Research Interests

Unconscious motivation is one of the most longstanding mysteries in psychology. More than a century of research and theory has yet to fully explain what it is, how it works, and whether it is something human beings can ever control. If anything, the role of unconscious motivation seems to be getting bigger—shaping our thoughts, feelings, beliefs, and behavior in ways not previously imagined. Yet there are many theoretical – and empirical – challenges ahead. In my research, I try to understand the extent to which nonconscious motivational processes can explain the human experience, particularly those phenomena that may otherwise be written off as unexplainable or too profound for words.

In years past, I focused on motivational contagion and various types of implicit influence. I have, for instance, tested the implicit motivational influence of pro-drug peers. The idea here is that relationship schemas are stored in memory and in particular moments of weakness, mere activation of these schemas can trigger increased motivation to pursue or rationalize drug use. I have also tested the implicit influence of perceived indifference—the spreading of apathy—and what it takes to overcome such influence. Apparently, exposure to others who represent the absence of a particular motivation can sink one’s own goal-directed motivation if one already has doubts about the goal. Along this line of inquiry, I am now writing up a study that shows how the Orlando mass shooting may have had its own motivationally contagious qualities—specifically, on American gun owners’ beliefs that guns are a means to power.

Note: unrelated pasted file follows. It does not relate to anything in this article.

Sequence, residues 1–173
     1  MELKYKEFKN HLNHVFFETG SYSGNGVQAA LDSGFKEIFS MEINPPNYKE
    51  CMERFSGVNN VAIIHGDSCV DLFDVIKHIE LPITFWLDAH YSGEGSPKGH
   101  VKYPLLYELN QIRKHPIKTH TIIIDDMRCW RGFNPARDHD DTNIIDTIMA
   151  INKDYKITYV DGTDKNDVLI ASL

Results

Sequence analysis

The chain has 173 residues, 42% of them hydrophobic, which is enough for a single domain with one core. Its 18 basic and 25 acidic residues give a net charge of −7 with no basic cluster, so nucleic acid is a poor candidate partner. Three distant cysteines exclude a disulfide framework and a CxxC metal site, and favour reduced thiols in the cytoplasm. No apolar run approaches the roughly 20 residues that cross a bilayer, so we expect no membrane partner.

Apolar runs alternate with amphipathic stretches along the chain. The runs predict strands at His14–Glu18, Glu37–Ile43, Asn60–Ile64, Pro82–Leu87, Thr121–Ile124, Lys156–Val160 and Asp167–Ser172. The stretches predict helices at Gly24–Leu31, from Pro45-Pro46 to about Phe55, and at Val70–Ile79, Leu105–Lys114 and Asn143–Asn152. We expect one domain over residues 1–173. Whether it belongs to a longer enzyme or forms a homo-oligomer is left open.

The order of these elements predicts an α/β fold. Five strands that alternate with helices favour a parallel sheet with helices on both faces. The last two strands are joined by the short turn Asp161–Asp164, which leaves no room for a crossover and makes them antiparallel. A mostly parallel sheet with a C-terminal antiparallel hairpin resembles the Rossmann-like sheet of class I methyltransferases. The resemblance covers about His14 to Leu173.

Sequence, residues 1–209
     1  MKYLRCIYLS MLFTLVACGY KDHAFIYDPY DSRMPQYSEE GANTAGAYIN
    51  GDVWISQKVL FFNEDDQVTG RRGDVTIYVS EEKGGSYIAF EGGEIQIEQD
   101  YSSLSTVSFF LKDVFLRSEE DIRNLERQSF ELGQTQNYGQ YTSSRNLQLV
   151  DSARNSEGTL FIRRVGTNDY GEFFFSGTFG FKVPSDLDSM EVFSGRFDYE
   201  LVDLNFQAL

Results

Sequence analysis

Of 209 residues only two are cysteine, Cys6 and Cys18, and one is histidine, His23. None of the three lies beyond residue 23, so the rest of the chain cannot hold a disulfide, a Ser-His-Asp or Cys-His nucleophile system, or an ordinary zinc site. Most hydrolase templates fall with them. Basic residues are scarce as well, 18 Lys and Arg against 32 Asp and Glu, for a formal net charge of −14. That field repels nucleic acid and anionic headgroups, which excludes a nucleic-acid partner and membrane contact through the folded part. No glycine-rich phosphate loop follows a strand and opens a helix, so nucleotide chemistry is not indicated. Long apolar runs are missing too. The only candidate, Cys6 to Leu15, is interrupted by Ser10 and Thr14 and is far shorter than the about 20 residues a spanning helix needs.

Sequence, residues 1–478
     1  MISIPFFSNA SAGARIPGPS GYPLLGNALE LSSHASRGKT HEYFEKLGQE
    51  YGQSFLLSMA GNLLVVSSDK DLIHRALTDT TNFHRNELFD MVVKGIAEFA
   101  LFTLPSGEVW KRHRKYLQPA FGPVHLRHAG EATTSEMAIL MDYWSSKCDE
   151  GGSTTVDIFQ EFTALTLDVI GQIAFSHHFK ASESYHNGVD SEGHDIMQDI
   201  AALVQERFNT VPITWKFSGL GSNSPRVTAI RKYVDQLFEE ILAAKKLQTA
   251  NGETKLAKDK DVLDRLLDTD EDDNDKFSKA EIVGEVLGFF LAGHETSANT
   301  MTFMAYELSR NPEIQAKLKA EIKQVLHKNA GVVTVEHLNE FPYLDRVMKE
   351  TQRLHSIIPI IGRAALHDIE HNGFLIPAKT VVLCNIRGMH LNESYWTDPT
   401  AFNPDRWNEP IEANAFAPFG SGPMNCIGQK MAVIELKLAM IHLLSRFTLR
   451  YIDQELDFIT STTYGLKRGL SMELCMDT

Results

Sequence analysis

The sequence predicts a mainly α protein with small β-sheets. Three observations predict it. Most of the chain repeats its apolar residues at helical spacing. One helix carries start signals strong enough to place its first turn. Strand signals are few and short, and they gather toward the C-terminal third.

I have two lines of work in the pipeline that probably best reflect where my work is headed: first, I am constructing a “compensatory competence” model to explain displaced aggression—per Dollard et al’s (1939) frustration-aggression hypothesis. The gist of this work is that the need for competence may be fundamental and when a goal is thwarted, displaced aggression may be a primitive, substitute means to interact effectively with the environment and experience efficacy. I show that opportunities for displaced aggression help to restore self-efficacy in the thwarted goal domain; I also show that the aggressive motivation can be attenuated or redirected altogether by providing alternative means to experience efficacy.

In another line of work, I explore subjective beliefs and experiences that seem to defy rational explanation. In years past, I tested how inappropriate amounts of nonverbal behavioral mimicry could give us “the chills” – a presumably primitive indicator that something wrong. I now have a very exciting project in the pipeline that attempts to explain faith as a psychological construct. I draw inspiration from James’ (1896) thesis on “ The Will to Believe”, wherein I consider where and why people develop faith in unknowable future outcomes. I find that faith in long-term goals can be modeled as an intuitive cognitive process—and it can be boosted by subliminally primed goal cues. I think this offers new insights into the evolutionary function of both faith and priming by linking them to the formation of intuitions that help one navigate distant goals. I also believe research on intuition is the best path forward for those interested in priming and nonconscious motivational influences in general.